How to Study Anatomy

Hands down, anatomy is one of the toughest pre-reqs for nursing!  Learning anatomy is all about memorization and with bones, organ systems, veins, arteries, nerves, and muscles, there are easily hundreds of terms and structures you will be expected to learn.  But you can do it!  The best way to study for this course is to use multiple resources in order to commit what you’re learning to memory both faster and easier.  Read on to find out which study methods you can begin implementing right away to pass your anatomy course with flying colors!

Are you overwhelmed with anatomy? Click through to find out which study methods you can begin implementing right away to pass your anatomy course with flying colors!

 

Live in the Lab

Because there is so much that you are responsible for learning, students are usually allowed to visit the lab during “open lab” or “extended study” hours to get some time with the cadavers and models on their own.  Take advantage of this time!  Find the open hours that fit into your schedule and commit to going at those times each week.  The lab will be packed right before upcoming practicals/finals, and you don’t want to make that the only time that you try to study, because it will be a disaster!  When Kendra and I took anatomy, there was a clear difference between the students who spent more time in the lab compared to those who only went before test day.  Spending more time in the lab is even helpful for your lecture portion of the course because you’ll have those visual and hands-on experiences to guide you through the content that you’re learning.

Check Out Your Local Resources

Make sure that you are aware of what resources your school has to help its’ students.  I was halfway through my nursing program before I realized that there was an anatomy program loaded onto all of the computers in the medical library on campus.  No one had mentioned that this resource even existed!  Always check and double check your school’s library for resources like computer programs, human atlases, or study guides that would be helpful to you as you’re studying anatomy.

Create Your Own Models/Replicas

It is highly likely that you’ll have to build at least one model as an assignment, but why stop there?  If there is a topic that you’re having difficulty mastering, why not get crafty and design your own model to study from at home?  Taking the time to build your own cell, heart, kidney, brain, etc is a fantastic way to learn all the structures you’ve got to have down before your next exam.  Power tip:  Build your model loosely out of a substance like Play-Dough so you can easily take it apart and put it back together again until you’ve mastered that structure.  And don’t forget to show off your awesome work!  Have a parent, sibling, or friend admire your art and explain to them the structure as a whole and its varying parts.  Teaching your model to someone else will only further solidify that information into your memory!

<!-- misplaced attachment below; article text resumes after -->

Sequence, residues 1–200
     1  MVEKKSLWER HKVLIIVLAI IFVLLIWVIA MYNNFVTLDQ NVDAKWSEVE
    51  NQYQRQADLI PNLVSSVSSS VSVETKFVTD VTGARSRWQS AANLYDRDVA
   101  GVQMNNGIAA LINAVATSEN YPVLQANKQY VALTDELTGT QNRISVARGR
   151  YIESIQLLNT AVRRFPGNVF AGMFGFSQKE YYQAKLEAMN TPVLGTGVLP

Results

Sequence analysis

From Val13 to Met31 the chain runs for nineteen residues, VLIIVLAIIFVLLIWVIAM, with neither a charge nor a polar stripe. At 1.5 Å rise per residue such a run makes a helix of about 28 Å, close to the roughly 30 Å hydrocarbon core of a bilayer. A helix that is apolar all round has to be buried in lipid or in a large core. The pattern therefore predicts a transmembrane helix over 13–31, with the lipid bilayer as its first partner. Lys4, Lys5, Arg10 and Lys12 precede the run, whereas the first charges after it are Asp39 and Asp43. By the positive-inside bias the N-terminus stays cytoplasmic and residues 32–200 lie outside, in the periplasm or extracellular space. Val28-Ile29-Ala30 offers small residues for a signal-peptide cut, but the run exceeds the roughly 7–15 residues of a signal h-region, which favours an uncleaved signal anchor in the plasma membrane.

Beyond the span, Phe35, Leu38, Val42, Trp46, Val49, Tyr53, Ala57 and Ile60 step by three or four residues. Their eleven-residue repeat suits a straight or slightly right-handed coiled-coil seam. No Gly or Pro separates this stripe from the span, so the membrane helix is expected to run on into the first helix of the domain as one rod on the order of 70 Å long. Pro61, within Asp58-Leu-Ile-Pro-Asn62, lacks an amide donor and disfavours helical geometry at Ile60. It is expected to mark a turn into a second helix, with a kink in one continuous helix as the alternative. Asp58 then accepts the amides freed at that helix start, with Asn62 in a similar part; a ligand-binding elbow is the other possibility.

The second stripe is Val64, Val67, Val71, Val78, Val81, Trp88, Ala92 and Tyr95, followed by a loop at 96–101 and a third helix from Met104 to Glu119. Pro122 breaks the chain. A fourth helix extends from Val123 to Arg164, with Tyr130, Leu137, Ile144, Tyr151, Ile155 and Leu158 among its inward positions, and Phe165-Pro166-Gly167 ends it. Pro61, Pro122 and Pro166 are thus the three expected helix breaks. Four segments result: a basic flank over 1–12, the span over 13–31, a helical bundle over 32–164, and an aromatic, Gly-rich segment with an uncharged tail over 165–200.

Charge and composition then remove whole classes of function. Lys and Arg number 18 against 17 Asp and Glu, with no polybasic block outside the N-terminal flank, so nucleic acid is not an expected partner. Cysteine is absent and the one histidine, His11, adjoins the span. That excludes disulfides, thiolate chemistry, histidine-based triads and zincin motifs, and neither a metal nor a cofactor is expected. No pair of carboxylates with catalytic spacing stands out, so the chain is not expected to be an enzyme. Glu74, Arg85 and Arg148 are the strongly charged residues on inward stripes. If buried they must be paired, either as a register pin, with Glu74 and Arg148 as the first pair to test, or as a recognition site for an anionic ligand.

Grab Your Crayons

You’ll need to make sure you’ve got your favorite coloring tools handy for our next study tip, which is to get an anatomy coloring book!  Coloring the parts that you’re learning is not only a fun way to study (hey, it beats reading that textbook again, right?), it’s also great if you are a visual learner.  Power tip:  Color code the similar structures to memorize them even more easily!  Students also like the coloring books because sometimes the diagrams are a lot clearer and easier to understand than the images in your textbook or lab book.  You can purchase an anatomy coloring book from major bookstores like Barnes and Noble, and Amazon also has a ton to choose from!

Make Online Flashcards

Because your success in anatomy is dependent upon how well you can memorize, flashcards are ideal study tools to use throughout your course.  Your flashcards should be very brief descriptions/functions (if you’ll also be responsible for some physiology) of the structures that you need to know.  In addition, if there is something that is unique to a particular structure, you definitely want to commit that to memory too (ex: The femur is the longest bone in the body).  Those unique facts are very easy to derive exam questions from!

So why do we recommend that you make your flashcards online?  The online cards are a much more efficient use of your time!  With a website like Quizlet, you can turn those online flashcards into tests/quizzes and even games from information that you’ve entered once.  You have the choice to study just like you would traditional flashcards, and then you can test yourself later to see how well you’ve mastered the material.  You can make “sets” of flashcards for each chapter that you cover, so it’s not like you’re scrolling through hundreds of flashcards to find what you need.  You can organize the cards to your liking.  You also have the option to study on your laptop/tablet, or on your phone.  So you can study while you’re waiting in line at the grocery store or whenever you have some down time.  I’m pretty sure that we owe the A’s we earned in anatomy to 1) living in the lab and 2) using Quizlet, so I promise you won’t regret trying it out!

Those are our five easy ways that you can effectively study for your anatomy course.  Anatomy is a tough class, but it can be mastered!  Which methods are you exciting about trying out?  What other ways are you studying?  Let us know in the comments below!